What was the book? What will it become? This team-taught, project-based seminar charts new trajectories for the future of the book. In tandem with exercises that build familiarity with practical techniques of bookmaking, the course will investigate histories of print across historical and geographical contexts. We will mobilize our collective knowledge to interpret books in multiple languages, and we will produce experiments on alternative and untested modes of book production, authorship, design, assembly, and distribution. In short, we will take the process of constructing a book as a site for critical intervention and design experimentation. Each student will develop their own book(s) which combine and reconfigure multiple publication typologies, formats, genres, and techniques into an original prototype. The course introduces all processes of bookmaking by challenging students to become bookmakers.
Students will have regular meetings with Koolhaas, Boom, and Denny, as well as invited guests, at the Harvard GSD. Koolhaas and Boom will travel to Cambridge on several occasions during the semester for in-person discussions, field visits, critiques, and project workshopping sessions (during Boom's and Koolhaas's visits to campus, the course will meet on Friday, Saturday, and Sunday for extended sessions; dates to be confirmed). In addition to our regular meetings at the GSD, the seminar will conduct visits to local archives and libraries to consult examples of innovative books and other media artifacts. These field visits will include work in the Frances Loeb Library’s Special Collections, as well as Houghton Library and the Harvard Art Museums.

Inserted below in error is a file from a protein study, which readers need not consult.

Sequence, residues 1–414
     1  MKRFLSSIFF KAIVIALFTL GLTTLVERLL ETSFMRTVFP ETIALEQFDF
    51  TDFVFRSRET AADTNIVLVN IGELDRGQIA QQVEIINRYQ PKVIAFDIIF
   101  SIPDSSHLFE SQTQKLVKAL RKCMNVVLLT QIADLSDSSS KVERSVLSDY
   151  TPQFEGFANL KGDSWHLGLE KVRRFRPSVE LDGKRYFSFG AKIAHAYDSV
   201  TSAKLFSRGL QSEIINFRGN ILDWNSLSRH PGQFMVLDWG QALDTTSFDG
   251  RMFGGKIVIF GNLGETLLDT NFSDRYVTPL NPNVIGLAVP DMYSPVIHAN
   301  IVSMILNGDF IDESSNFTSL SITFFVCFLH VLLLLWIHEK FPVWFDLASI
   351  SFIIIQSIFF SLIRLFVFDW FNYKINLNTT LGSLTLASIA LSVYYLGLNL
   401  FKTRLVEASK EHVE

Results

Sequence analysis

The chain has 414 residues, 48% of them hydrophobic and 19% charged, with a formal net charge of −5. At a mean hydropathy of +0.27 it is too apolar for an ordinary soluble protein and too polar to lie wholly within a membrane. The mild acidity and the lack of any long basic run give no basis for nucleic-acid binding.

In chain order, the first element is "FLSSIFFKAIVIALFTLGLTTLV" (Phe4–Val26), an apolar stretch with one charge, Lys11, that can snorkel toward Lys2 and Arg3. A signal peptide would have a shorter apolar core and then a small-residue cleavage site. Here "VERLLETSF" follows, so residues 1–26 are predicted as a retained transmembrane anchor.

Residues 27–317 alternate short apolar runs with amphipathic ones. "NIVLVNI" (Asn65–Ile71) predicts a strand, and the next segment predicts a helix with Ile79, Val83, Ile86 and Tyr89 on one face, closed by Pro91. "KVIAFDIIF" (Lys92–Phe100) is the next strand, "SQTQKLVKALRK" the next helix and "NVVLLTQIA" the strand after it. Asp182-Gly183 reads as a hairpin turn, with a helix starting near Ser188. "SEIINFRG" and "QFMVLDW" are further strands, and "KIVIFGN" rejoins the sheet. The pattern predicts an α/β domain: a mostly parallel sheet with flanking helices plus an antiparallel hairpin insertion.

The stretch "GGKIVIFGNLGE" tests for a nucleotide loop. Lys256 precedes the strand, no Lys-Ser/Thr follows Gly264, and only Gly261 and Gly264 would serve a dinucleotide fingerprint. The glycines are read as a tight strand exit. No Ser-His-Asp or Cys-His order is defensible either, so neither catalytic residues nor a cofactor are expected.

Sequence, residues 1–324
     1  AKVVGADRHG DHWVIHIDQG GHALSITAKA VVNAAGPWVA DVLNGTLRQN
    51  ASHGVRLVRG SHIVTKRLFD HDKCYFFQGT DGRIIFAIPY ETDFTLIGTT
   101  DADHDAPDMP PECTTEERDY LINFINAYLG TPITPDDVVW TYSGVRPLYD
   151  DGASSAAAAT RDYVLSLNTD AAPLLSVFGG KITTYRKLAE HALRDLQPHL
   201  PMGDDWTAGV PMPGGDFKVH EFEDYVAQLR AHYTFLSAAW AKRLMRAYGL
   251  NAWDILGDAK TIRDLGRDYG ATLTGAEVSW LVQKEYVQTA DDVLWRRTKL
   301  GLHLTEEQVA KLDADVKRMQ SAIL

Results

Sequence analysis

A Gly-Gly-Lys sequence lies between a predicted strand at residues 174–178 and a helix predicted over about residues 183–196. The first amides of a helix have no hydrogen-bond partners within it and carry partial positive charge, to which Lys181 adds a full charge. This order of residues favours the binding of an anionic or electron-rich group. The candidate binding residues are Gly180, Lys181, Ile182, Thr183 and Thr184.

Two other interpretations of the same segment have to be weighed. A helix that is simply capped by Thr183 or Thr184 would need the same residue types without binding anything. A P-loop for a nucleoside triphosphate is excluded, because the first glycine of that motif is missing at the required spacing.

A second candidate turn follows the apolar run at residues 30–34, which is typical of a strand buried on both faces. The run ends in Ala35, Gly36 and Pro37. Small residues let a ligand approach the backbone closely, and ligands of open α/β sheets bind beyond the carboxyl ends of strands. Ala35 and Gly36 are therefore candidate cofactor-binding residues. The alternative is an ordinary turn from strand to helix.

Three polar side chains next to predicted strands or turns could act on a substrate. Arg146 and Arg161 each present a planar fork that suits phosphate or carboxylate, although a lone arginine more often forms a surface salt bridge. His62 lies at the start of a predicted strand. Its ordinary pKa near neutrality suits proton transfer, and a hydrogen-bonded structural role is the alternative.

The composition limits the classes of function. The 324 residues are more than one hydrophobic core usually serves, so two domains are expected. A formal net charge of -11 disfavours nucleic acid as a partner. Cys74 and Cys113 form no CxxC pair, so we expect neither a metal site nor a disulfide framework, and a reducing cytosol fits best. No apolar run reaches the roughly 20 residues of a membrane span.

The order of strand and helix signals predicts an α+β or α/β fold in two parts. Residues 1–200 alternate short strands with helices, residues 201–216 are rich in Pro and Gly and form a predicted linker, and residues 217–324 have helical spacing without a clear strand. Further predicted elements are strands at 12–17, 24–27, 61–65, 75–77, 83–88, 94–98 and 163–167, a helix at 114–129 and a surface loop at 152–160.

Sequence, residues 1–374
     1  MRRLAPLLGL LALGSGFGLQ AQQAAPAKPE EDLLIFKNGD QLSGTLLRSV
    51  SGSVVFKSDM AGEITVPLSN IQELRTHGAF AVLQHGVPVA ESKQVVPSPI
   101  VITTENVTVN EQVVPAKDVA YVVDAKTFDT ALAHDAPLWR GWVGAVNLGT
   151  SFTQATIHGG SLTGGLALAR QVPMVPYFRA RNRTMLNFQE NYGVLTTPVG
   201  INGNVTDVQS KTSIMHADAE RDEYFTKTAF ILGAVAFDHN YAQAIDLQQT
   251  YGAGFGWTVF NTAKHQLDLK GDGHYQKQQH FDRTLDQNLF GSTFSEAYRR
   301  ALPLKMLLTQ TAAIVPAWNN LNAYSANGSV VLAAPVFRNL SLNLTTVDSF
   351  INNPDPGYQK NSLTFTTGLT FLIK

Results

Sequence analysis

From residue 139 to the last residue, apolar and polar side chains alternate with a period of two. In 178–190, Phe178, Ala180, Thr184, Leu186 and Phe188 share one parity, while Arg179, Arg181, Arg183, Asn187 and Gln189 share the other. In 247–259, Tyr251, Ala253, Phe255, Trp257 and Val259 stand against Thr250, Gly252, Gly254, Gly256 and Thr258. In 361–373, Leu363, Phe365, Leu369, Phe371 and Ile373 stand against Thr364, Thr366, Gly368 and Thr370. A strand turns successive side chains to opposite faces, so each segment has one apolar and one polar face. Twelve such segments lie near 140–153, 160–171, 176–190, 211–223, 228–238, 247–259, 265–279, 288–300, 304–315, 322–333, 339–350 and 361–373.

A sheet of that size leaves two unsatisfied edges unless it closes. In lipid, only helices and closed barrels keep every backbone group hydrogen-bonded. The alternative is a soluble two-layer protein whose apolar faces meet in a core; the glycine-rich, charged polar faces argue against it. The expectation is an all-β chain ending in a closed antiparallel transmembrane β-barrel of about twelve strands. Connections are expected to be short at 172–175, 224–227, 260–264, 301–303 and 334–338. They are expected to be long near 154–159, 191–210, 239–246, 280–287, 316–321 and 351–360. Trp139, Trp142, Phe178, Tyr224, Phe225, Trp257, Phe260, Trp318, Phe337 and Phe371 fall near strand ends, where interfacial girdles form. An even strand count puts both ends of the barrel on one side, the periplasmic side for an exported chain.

Schedule: Weekly on Friday mornings with additional in-person project workshopping sessions with Koolhaas and Boom to be held on select Saturdays and Sundays at the GSD (dates to be confirmed; students can anticipate approximately 3 weekend sessions).
During spring recess (March 10–19), the seminar will travel to the Netherlands for a weeklong intensive workshop with the instructors at OMA’s head office in Rotterdam, as well as field visits to Boom’s studio in Amsterdam, and to bibliographic collections in the Hague. Without exception, enrollees must confirm that they will be able to attend the entire workshop in Rotterdam. Students who are traveling with other courses or studios cannot enroll in this course. Enrolled students will be term billed $300 and are responsible for the cost of meals and incidentals.
Enrollment is capped at 12. It is not possible to audit this course.

This 1-unit module 2 course will take place on the following Wednesdays at 6 PM: March 22, March 29, April 12, April 19.